Alex Skovron is the author of seven poetry collections, a prose novella, The Poet (2005), and a book of short stories, The Man who Took to His Bed (2017). His volume of new and selected poems, Towards the Equator (2014), was shortlisted in the Prime Minister’s Literary Awards. His work has been translated into a number of languages, and he has co-authored book-length translations of two Czech poets: Jiří Orten and Vladimír Holan. His new collection, Letters from the Periphery, is now available. He was born in Poland, lived briefly in Israel, and arrived in Australia aged nine. He lives in Melbourne.
Which poets have most influenced you?
It’s a diverse list. In primary school, not long after my arrival in Australia, I was entranced by Coleridge’s ‘The Rime of the Ancient Mariner’: its narrative drive, its music. By the time I started to write, Shakespeare was in my ears, along with T.S. Eliot’s rhetorical élan and authority. A bit later came Gerard Manley Hopkins, his startling rhythms and subversive syntax; the heady intensity of Rimbaud; Ted Hughes with his vigour and richness of grain; and Dylan Thomas, Sylvia Plath, John Berryman, Kenneth Slessor, Les Murray, Bruce Dawe, Gwen Harwood, Peter Porter, Evan Jones; as well as fellow Poles Zbigniew Herbert, Czesław Miłosz, and Adam Zagajewski. Also the elegies of Rilke and Dante’s Commedia. But not only the poets. James Joyce, whose Ulysses taught me so much about prose; Franz Kafka, who could forge a world in a single paragraph; and the magicians Jorge Luis Borges and Italo Calvino.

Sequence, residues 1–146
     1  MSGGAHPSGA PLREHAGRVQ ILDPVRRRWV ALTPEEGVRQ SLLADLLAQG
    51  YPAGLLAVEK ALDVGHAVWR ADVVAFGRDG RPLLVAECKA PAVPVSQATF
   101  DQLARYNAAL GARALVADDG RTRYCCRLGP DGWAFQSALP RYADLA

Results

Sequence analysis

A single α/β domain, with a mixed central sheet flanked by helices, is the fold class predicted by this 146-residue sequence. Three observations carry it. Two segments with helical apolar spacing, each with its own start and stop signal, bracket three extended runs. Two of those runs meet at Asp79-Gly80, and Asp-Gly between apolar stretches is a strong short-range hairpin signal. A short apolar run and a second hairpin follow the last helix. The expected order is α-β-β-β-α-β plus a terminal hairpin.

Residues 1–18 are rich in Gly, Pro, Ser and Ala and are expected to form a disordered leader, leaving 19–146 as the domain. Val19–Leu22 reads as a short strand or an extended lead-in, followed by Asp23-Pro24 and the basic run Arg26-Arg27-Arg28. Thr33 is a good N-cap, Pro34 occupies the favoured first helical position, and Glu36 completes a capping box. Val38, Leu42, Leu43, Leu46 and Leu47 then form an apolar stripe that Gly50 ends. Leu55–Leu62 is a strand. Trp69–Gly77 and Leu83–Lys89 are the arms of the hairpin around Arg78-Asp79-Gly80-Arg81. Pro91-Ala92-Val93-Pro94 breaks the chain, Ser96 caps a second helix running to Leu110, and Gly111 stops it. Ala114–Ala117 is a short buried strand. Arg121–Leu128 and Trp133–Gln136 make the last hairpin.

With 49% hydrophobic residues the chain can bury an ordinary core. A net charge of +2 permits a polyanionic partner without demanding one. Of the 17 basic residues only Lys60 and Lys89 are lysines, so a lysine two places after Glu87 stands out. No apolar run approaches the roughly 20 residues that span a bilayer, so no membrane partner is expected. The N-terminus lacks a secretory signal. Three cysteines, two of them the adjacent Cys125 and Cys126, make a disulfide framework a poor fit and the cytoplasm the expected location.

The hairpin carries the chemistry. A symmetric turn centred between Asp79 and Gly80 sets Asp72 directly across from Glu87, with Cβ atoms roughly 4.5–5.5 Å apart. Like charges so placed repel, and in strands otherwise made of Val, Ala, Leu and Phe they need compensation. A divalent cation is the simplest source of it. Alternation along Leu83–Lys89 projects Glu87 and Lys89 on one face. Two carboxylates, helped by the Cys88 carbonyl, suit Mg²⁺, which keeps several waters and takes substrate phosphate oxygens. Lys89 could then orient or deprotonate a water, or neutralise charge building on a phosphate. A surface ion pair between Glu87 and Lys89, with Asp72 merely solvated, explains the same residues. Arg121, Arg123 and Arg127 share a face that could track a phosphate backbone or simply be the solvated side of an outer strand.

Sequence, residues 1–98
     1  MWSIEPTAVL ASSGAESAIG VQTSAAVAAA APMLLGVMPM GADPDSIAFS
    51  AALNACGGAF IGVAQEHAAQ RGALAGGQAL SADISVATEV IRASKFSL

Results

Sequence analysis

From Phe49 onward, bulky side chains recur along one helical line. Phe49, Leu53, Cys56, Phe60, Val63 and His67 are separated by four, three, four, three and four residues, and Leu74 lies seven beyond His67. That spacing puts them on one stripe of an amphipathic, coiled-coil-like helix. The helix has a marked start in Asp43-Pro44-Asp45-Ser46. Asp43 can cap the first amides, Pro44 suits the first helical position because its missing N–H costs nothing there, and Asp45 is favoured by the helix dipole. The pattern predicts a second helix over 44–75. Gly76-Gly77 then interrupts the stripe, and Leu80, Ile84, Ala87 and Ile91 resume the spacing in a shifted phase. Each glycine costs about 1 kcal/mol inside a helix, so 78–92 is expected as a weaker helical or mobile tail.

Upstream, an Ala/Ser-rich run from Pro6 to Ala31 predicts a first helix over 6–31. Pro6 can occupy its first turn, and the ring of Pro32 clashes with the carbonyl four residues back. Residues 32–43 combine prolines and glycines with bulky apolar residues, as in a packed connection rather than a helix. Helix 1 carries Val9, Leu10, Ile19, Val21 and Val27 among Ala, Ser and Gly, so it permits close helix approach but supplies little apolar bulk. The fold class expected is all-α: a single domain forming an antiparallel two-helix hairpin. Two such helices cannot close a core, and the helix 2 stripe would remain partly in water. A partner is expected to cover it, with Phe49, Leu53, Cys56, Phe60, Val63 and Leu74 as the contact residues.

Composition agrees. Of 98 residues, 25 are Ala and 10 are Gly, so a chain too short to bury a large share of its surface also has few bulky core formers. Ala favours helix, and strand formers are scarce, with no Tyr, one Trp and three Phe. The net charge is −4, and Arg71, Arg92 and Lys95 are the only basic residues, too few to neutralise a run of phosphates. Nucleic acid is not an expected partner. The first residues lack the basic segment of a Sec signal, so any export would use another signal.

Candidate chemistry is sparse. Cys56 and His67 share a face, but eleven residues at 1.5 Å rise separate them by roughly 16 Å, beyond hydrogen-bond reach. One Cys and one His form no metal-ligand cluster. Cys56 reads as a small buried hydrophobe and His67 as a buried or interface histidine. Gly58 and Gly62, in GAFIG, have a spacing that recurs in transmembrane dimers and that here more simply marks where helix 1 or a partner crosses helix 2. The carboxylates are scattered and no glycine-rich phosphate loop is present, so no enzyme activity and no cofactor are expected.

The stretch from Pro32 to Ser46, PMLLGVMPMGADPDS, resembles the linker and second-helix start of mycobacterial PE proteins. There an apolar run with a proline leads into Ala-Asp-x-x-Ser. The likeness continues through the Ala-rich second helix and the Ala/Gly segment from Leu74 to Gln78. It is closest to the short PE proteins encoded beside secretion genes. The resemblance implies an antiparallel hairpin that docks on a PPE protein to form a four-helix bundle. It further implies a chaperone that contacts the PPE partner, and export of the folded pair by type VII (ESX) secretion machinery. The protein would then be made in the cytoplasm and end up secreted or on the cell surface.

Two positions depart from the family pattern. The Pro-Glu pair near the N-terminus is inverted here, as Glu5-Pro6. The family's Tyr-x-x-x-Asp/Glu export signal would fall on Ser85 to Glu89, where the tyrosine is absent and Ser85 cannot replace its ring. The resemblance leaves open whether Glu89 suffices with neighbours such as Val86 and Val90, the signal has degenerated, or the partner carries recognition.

Are poems chiefly inspired or crafted?
Both. Whether or not a poem has been ‘inspired’, it’s the craftsmanship that gives it flight.
What prompts a new poem?
Anything. Something I’ve read, a thought or idea I’ve jotted down, memory (a rich source), an incident, a conversation, a quotation I’ve recorded in my notebook, an emotion, a speculation, a new form I want to tackle.
What circumstances are ideal for writing poetry?
I’ve learnt to recognise those moments that urge me to write. They can occur at any time – moments when ‘the current is running’. In recent years, most of my first drafts have been handwritten in cafés. I can’t write to loud music, but a room with ambient conversation is fine. Prose poems and fiction, however, I usually create at home, typing straight into Word.
Roughly how many drafts do you produce before ‘finishing’ a poem?
On average, between two and eight – though some ‘drafts’ entail just a few changes. Occasionally, the handwritten first draft, reworked and finessed on screen, will remain the poem’s only draft; but that’s relatively rare.
Which poet would you most like to talk to – and why?
I met Gwen Harwood only once or twice, and would have enjoyed sitting down with her to chat about poetry, music, philosophy, and the world in general.
Do you have a favourite Australian poetry collection?
A tough one. Maybe the Selected Poems of Kenneth Slessor (Angus & Robertson, 1977).
What do poets need most: solitude or a coterie?
For me, solitude. Much as I enjoy the company of fellow writers, I’ve never belonged to writing groups.
What have you learned from reviews of your work?
How different reviews, whether complimentary or critical, will focus on different aspects of a book. A review can also bring to my attention any difficulties or issues the reader may have encountered with my work, which is useful to know and perhaps learn from.
If Plato allowed you to keep one poem or poetry collection in his Republic, what would it be?
A cruel assignment, but the collection would probably be the complete works of Shakespeare. A single poem makes for an even crueller toss-up, from a broad list of contenders – which would need to include ‘The Second Coming’, ‘The Love Song of J. Alfred Prufrock’, and ‘Ozymandias’.
What is your favourite line of poetry?
From The Wanderer by John Masefield, here’s the first of three triplets I like to recite: ‘Therefore, go forth, companion: when you find / No highway more, no track, all being blind, / The way to go shall glimmer in the mind.’
Is poetry appreciated by the reading public?
Appreciated, yes; but deeply read and engaged with? Mostly by a passionate minority.’